# Test Information Guide

## Overview and Test ObjectivesField 53: Mathematics (Elementary)

### Test Overview

Format Computer-based test (CBT); 100 multiple-choice questions, 2 open-response items Subarea I: 37–39 multiple-choice questions Subarea II: 30–32 multiple-choice questions Subarea III: 30–32 multiple-choice questions Subarea IV: 2 open-response items 4 hours (does not include 15-minute CBT tutorial) 240

The Massachusetts Tests for Educator Licensure (MTEL) are designed to measure a candidate's knowledge of the subject matter contained in the test objectives for each field. The MTEL are aligned with the Massachusetts educator licensure regulations and, as applicable, with the standards in the Massachusetts curriculum frameworks.

The test objectives specify the content to be covered on the test and are organized by major content subareas. The chart below shows the approximate percentage of the total test score derived from each of the subareas.

The test assesses a candidate's proficiency and depth of understanding of the subject at the level required for a baccalaureate major according to Massachusetts standards. Candidates are typically nearing completion of or have completed their undergraduate work when they take the test.

Sub area I 30%, Sub area II 25%, Sub area III 25%, and Sub area IV 20%.

### Test Objectives

Table outlining test content and subject weighting by sub area and objective.
Subareas Range of Objectives Approximate Test Weighting
Multiple-Choice
I Number Sense, Operations, and Data Analysis 01–06 30%
II Patterns, Relations, and Algebra 07–11 25%
III Geometry and Measurement 12–15 25%
80%
Open-Response*
IV Integration of Knowledge and Understanding 16 20%

*The open-response items may relate to topics covered in any of the subareas.

#### Subarea I–Number Sense, Operations, and Data Analysis

##### Objective 0001: Understand number theory, the structure of numeration systems, and the properties of the real number system.
• For example: place value (including base ten and other bases); order relations; the relationships between operations (e.g., multiplication as repeated additions); factors and divisibility; prime and composite numbers; prime factorization; rational and irrational numbers; properties (e.g., closure, distributive, associative) of the real number system; operations and their inverses; the real number line; roots and powers; the laws of exponents; scientific notation; and proof of theorems using number properties (e.g., the product of two even numbers is even).
##### Objective 0002: Understand principles and operations related to integers.
• For example: order of operations; identity and inverse elements; associative, commutative, and distributive properties; absolute value; operations with signed numbers; multiple representations of number operations (e.g., area models); rounding and estimation; standard algorithms for addition, subtraction, multiplication, and division; number operations and their inverses; the origins and development of standard computational algorithms; the relationship between properties of integers and the development of algebraic concepts; and problems involving integers.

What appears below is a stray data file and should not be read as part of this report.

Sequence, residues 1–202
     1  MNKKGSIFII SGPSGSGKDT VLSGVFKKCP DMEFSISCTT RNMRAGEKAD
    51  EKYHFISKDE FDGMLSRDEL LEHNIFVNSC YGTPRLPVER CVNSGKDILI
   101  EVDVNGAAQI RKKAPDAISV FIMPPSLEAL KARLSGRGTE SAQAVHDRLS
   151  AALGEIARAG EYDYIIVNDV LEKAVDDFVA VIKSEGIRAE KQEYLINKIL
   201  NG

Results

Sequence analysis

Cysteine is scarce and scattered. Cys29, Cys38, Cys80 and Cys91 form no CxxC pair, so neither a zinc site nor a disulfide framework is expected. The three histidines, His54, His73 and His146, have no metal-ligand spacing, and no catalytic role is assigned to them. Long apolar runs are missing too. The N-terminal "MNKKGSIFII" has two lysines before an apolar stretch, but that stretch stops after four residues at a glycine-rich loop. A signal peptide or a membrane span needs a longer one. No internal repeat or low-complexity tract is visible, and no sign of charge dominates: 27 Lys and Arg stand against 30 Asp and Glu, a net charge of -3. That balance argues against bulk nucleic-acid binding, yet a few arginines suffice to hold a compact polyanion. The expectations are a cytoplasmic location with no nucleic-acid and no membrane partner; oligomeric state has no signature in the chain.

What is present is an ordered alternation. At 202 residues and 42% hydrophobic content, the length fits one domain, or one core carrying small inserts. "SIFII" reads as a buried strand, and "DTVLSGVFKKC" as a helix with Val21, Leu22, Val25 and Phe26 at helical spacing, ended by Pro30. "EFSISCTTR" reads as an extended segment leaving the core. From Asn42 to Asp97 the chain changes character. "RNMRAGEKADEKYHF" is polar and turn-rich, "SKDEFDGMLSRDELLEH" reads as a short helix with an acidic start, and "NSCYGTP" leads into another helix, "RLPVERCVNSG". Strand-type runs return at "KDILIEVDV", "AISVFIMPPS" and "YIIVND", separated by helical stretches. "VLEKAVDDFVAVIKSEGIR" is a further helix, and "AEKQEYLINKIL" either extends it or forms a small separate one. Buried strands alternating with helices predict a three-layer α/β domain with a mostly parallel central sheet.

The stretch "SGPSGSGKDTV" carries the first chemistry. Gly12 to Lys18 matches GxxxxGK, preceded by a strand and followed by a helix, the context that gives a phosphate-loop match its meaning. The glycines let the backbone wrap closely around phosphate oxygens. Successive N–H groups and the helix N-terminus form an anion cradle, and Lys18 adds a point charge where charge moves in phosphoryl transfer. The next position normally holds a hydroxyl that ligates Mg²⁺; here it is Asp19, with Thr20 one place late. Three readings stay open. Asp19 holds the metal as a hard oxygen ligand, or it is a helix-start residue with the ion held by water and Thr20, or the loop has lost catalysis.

##### Objective 0003: Understand principles and operations related to fractions.
• For example: multiple representations of fractions (e.g., area and set models); multiple representations of operations involving fractions; equivalent fractions; addition, subtraction, multiplication, and division of fractions; comparison, ordering, and estimation of fractions; placement on a number line; simplification of fractions; mixed numbers and improper fractions; the relationship between properties of fractions and the development of algebraic concepts; and problems involving fractions.
##### Objective 0004: Understand principles and operations related to decimals and percents.
• For example: multiple representations of decimals; addition, subtraction, multiplication, and division of decimals; ordering decimals and placement on a number line; terminating and repeating decimals; rounding and estimation; conversion among decimals, percents, and fractions; the relationship between properties of decimals and the development of algebraic concepts; and problems involving decimals and percents.
##### Objective 0005: Understand descriptive statistics and the methods used in collecting, organizing, reporting, and analyzing data.
• For example: construction and interpretation of tables, charts, and graphs (e.g., line plots, stem-and-leaf plots, box plots, scatter plots); measures of central tendency (e.g., mean, median, mode) and dispersion (e.g., range, standard deviation); frequency distributions; percentile scores; evaluation of real-world situations to determine appropriate sampling techniques and methods for gathering and organizing data; line of best fit; and appropriate inferences, interpolations, and extrapolations from a set of data.
##### Objective 0006: Understand the fundamental principles of probability.
• For example: sample space for a probabilistic situation (e.g., events or outcomes); counting principles (e.g., permutations and combinations); computation of experimental and theoretical probabilities for simple and compound events; simulations that explore real-world situations; connections between geometry and probability (e.g., probability as a ratio of two areas); and probability models that represent real-world phenomena.

#### Subarea II–Patterns, Relations, and Algebra

##### Objective 0007: Understand patterns and the properties of functions and relations.